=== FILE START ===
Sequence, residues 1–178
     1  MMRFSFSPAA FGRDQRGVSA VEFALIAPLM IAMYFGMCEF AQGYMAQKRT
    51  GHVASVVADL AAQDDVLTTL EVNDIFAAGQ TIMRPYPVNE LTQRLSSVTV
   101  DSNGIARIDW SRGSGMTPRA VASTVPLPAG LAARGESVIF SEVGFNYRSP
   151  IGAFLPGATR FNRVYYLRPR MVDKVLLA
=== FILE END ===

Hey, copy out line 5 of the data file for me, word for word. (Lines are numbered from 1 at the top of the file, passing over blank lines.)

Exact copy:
   151  IGAFLPGATR FNRVYYLRPR MVDKVLLA